“Miss you, yes. You are very missed, indeed.” The male voice, undeniably the same as earlier that day, gargled as it chuckled into the receiver. The machine beeped, and a solid red zero informed him that he now has no unheard messages. But to Edgar the zero represented far more than that. It seemed almost an answer to not just how many messages he had, but to every question that mattered. What, why, who, how? What’s left, what matters, what will tomorrow bring? Nothing but zero, of course. Just a big blood-red negation.

Edgar released his death grip from the counter, and groped his way into the darkness of the living room. He passed another light switch on the way, noted with no real interest that the switch had been broken off of this one as well, then flopped down into his favorite recliner. “I have had”, Edgar whispered into the emptiness of the house that would never again be a home, “a very tough month.” The answer to his presumedly receipientless statement came in the form of a chuckle from a dark corner of the chamber. Edgar felt every muscle in his body go tense, and he lost all control of his bladder. He could not possibly have cared less about the latter, he merely stared into the darkness and waited for whatever must come next as the warmth spread across the front of his pants.

The man in the shadows stepped forward and Edgar winced away, sinking as deep into the plush chair as he could dig himself. The stranger, simply put, had gone from looking like his flesh was preparing to free itself from its Earthly prison – to actually having accomplished the task. Edgar was staring at the face and body of a man who had begun to lose some very respectable chunks of himself. Like butter melting in a warm room, some of it actually sloughed off as he made a methodical exit from the darkness.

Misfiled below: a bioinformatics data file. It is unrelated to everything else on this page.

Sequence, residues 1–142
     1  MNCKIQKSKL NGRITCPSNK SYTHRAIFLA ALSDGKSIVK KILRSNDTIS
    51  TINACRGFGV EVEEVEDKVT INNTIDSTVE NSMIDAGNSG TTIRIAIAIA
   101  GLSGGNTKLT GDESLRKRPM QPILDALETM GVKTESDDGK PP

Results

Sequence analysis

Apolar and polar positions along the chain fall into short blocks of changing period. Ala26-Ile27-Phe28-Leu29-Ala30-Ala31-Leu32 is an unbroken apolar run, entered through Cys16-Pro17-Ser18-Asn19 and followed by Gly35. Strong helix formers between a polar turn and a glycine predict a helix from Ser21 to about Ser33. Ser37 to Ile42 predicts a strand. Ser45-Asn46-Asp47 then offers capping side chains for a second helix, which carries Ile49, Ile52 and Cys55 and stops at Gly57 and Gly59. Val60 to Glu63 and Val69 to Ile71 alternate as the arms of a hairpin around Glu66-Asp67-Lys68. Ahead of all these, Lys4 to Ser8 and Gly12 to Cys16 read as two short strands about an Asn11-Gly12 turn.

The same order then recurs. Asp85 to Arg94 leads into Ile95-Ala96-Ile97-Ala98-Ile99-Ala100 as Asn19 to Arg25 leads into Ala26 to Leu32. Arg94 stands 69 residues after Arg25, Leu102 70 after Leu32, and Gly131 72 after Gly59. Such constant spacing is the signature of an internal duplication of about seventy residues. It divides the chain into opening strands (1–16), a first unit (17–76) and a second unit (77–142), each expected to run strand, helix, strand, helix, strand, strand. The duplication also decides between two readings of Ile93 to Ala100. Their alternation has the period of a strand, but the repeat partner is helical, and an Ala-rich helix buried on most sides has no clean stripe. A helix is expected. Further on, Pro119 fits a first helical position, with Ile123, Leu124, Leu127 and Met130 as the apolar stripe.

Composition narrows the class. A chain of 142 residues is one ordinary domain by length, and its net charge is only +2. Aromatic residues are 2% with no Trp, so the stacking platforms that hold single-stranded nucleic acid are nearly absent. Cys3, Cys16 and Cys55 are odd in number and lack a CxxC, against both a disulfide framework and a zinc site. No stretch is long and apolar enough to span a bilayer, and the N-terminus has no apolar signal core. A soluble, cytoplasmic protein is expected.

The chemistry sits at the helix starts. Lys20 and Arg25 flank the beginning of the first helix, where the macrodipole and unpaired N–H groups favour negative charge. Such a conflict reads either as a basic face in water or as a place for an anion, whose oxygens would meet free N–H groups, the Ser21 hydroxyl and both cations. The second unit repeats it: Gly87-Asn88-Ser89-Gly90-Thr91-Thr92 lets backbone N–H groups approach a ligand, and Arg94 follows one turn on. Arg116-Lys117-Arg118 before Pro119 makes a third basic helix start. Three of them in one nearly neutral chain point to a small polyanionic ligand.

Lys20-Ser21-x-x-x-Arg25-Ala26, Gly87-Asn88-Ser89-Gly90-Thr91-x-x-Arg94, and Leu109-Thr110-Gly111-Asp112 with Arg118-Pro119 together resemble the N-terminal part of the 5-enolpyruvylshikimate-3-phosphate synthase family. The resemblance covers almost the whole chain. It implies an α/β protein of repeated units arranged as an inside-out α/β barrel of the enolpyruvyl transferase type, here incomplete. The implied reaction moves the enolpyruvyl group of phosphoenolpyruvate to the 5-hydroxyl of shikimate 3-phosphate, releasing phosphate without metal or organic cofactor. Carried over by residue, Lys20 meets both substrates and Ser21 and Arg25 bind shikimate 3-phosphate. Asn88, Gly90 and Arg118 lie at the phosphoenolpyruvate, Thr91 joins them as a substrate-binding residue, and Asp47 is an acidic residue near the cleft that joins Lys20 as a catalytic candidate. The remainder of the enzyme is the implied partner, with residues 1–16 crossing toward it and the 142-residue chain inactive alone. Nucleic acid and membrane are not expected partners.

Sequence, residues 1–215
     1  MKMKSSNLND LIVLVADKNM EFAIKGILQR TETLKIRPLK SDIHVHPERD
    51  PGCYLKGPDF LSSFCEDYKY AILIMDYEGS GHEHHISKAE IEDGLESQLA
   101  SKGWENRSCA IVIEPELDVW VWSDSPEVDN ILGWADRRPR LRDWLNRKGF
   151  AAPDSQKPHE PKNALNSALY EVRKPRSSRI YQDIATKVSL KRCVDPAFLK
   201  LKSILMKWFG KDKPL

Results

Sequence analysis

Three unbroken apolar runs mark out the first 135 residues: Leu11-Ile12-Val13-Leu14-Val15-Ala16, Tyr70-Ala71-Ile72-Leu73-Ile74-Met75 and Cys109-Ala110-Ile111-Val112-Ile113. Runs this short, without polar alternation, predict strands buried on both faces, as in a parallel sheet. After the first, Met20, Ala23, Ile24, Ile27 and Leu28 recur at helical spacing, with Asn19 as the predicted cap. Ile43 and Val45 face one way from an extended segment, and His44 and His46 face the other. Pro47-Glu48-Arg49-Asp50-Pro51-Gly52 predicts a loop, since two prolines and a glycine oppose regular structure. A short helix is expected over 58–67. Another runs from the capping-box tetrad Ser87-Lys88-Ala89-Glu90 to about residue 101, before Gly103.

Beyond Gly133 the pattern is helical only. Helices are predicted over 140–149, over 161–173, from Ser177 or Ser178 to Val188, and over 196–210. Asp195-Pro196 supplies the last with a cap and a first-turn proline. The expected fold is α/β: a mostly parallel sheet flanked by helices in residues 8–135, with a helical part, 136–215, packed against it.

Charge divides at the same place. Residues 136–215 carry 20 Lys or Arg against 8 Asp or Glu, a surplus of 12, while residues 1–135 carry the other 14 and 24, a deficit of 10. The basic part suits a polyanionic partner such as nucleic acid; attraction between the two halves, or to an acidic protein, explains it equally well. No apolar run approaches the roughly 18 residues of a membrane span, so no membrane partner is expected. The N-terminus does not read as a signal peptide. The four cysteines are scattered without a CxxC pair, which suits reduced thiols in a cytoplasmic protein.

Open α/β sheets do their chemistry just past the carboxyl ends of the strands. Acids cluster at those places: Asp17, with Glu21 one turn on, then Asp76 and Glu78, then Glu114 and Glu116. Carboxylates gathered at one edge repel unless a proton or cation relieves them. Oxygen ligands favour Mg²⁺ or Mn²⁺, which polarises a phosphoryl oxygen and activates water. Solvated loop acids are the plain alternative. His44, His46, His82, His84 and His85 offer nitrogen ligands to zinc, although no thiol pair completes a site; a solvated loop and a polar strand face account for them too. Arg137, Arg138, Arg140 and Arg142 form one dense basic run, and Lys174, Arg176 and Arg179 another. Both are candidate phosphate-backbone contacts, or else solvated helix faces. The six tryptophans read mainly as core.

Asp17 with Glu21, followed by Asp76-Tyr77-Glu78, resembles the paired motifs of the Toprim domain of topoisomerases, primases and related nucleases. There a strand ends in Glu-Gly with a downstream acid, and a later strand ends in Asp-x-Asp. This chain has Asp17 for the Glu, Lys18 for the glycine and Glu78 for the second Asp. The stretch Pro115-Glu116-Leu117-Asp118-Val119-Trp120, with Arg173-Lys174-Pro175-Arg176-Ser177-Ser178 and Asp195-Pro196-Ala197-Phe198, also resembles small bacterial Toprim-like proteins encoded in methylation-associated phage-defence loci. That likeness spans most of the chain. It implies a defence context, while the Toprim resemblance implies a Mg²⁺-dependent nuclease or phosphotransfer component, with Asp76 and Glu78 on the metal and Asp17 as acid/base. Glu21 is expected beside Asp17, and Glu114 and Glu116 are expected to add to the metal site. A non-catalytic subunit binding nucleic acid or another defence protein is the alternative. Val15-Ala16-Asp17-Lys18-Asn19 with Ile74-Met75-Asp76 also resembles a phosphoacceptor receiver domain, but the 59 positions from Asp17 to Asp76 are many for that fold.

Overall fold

“I know you’re wondering why I’m here, and why the past few weeks have seen your life seemingly spiral out of your control. At this point it comes down to fate. Fate is like playing tug-of-war with an adversary significantly stronger than you: There will always be times when you feel the rope inching your way, your heels dug in and your earnest exertions yielding the result you’ve worked so hard for, the victory you know you deserve. But even the times in which you feel the most control, the firmest ground, those are merely your opponent adjusting its grip. But this doesn’t preclude what you might call free will; the choices people make are what set fate in motion, and those are the pivotal moments.” He paused, then seemingly as an afterthought, “Like you, renting that motel room. Very few things from that moment to this one have been in your control, and none of them of any consequence. Your whore is dead now, and killed by your own gun. Her right eye looks a great deal like your answering machine, now. Just a big red zero. No new messages. By dawn, you’ll be in a cell. Your wife found out about you and the whore a few weeks ago. Maybe she took her own life, maybe you had a role in that. The whore, though… she was murdered. There’s not a jury in the world for whom your guilt is anything but a foregone conclusion.”
“Why.” Edgar breathed the inquiry flatly, incapable of inflection. He had never felt so tired – so completely drained and hollow – in his entire life. With each word the pale stranger spoke a deep burning emanated from every muscle in Edgar’s body, and yet the frantic scurrying of his mind remained as strong as ever, desperate to place those eyes he felt he knew so well.

“Why what? Why did you stray from the wife who once loved you? I couldn’t help you there. Not that knowing would change anything for either of us. But that isn’t the most important ‘why’ for you, is it? You want to know why this is happening to you, why I’m doing this. But for some reason you’re afraid to ask me who I am, the true question behind the ‘why’, to which I can only say that you must answer for both of us.”